Decided: October 28, 1960.
STATE OF NEW JERSEY, PLAINTIFF-RESPONDENT,
JOSEPH MONTELEONE, DOROTHY MILLER AND MARGARET VAN SCIVER, DEFENDANTS-APPELLANTS
[63 NJSuper Page 598]
These three appeals from the Deptford Township Municipal Court were heard together on Thursday, October 6, 1960. Defendants were convicted in municipal court of violating the "Sunday Closing Law," L. 1959, c. 119; N.J.S.A. 2 A:171-5.8 et seq.
Defendants did not deny the sales of articles within the banned categories. The appeal was an attack on the constitutionality of the law. Defendants were all employed by concessionaires in a supermarket known as "Bargain City, U.S.A.," Store No. 3, located in Deptford Township, Gloucester County, New Jersey.
Defendants, by evidence and statistics offered through witnesses who were officers or employees of "Bargain City, U.S.A.," attacked the law on three points:
1. The law is an act denying the free exercise of religion. No testimony was offered on this point, but counsel argued the point in defendants' brief. Our Supreme Court in Two Guys From Harrison, Inc. v. Furman , 32 N.J. 199 (1960), held otherwise saying the act does not offend the ban against church-state union. I am bound by that decision.
2. Classifications of articles saleable on Sunday are discriminatory. The only evidence offered on this point was Exhibits D1 and D2, one a list of articles saleable on Sunday and the other a list of articles that could not be sold on Sunday. Argument was to the effect that there is no reasonable or rational basis for the classifications made by the Legislature, the classifications being arbitrary and unreal.
The Supreme Court's decision in Two Guys From Harrison left this question open and indicated in its decision that evidence on this point should be considered. The Supreme Court said, however, "We must uphold a classification unless it is plainly demonstrated to be capricious. The required showing is not made merely by contrasting items which may and may not be sold." There is strong dictum in that opinion, 32 N.J. , at pages 228 and 229, that the classifications are matters for the Legislature. On the basis of the two lists submitted to me I do not see how I am in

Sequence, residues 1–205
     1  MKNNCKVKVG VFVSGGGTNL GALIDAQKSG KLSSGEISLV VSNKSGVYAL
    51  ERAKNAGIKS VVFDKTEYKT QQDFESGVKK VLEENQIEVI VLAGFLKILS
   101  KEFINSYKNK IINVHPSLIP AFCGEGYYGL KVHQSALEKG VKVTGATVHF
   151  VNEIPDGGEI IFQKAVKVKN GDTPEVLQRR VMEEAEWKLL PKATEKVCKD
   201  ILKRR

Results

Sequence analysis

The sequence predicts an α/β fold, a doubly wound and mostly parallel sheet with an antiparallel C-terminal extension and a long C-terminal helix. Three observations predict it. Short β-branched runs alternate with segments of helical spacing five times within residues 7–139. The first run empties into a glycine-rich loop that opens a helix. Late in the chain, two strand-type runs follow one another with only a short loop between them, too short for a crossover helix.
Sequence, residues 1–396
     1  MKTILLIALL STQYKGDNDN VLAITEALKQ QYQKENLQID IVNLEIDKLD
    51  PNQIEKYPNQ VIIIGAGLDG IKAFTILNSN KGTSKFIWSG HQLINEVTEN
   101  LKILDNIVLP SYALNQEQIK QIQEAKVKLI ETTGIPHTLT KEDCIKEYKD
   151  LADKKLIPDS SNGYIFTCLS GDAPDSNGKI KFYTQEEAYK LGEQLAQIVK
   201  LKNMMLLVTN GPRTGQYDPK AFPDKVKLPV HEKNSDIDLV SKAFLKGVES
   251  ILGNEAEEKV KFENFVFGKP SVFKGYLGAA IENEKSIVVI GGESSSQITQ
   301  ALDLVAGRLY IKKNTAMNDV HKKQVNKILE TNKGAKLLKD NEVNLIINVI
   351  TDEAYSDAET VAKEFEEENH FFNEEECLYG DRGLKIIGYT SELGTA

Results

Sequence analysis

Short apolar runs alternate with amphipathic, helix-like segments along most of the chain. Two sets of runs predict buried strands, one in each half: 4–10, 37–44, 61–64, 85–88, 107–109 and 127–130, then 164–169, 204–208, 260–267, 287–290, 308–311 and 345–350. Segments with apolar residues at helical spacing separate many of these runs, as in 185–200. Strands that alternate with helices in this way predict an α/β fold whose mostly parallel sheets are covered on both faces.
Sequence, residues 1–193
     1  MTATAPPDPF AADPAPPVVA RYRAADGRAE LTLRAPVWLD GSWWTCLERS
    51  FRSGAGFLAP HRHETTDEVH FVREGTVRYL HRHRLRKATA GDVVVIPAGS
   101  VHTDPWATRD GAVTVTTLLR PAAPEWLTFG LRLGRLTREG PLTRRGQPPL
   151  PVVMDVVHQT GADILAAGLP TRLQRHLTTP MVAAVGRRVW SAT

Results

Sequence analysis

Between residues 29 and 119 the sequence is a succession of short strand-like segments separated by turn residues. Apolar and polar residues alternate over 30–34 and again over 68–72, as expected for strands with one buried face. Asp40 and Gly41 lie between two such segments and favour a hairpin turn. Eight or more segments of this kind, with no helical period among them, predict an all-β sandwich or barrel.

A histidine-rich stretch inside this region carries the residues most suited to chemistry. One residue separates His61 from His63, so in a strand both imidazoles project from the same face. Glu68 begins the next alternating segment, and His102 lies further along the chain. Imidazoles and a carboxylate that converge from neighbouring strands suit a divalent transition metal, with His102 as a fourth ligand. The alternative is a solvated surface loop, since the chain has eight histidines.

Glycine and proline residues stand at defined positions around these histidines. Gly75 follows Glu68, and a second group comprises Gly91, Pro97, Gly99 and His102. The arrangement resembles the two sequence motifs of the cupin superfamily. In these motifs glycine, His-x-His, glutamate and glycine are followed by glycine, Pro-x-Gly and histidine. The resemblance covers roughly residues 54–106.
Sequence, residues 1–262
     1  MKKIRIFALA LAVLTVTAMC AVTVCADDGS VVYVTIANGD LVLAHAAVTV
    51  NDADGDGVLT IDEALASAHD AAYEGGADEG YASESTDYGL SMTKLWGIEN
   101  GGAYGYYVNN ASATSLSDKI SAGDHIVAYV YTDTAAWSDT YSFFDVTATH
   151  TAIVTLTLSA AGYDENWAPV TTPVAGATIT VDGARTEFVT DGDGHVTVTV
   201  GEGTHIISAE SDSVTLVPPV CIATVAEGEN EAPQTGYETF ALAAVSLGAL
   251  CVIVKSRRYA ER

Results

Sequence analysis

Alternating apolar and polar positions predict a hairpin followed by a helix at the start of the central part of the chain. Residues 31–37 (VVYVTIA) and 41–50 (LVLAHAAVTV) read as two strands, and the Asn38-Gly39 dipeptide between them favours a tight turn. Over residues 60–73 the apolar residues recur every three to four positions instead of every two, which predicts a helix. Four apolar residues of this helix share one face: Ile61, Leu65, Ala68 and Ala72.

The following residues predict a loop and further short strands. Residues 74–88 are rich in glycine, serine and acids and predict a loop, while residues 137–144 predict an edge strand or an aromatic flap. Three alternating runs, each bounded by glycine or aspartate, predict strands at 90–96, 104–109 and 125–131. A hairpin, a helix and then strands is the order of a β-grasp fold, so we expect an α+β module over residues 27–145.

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a position to override the expressed will of the Legislature and the dictum of the Supreme Court.
3. The law violates Article I, paragraph 12 of the New Jersey Constitution , which provides that "Excessive bail shall not be required, excessive fines shall not be imposed, and cruel and unusual punishments shall not be inflicted." Defendants argue that under section I of L. 1959, c. 119, fines and jail sentences become greater after repeated offenses; that section 2 of the act provides that after four convictions the premises involved shall be deemed to be a nuisance; that section 4 of the law makes directors, officers, managers, agents or employees of corporations personally liable.
The penalty for a first offense is $25, and no jail sentence is permitted until third conviction is had. This can hardly be said to be cruel and unusual punishment.
The principle of imposing greater penalties for subsequent offenses needs no defense. It is recognized in other statutes, such as the penalty for a second conviction on a charge of drunken driving and other Motor Vehicle Act violations (R.S., Title 39), Drug Act violations (R.S. 24:18-47) and certain criminal violations, to mention a few. The principle is also recognized in the parole statutes (N.J.S.A. 30:4-123.12), which provide that second and third and fourth offenders must serve a greater proportion of their sentences before becoming eligible for parole; and it is a matter of common knowledge that judges, almost without exception, will punish a recidivist more severely than they will a first offender.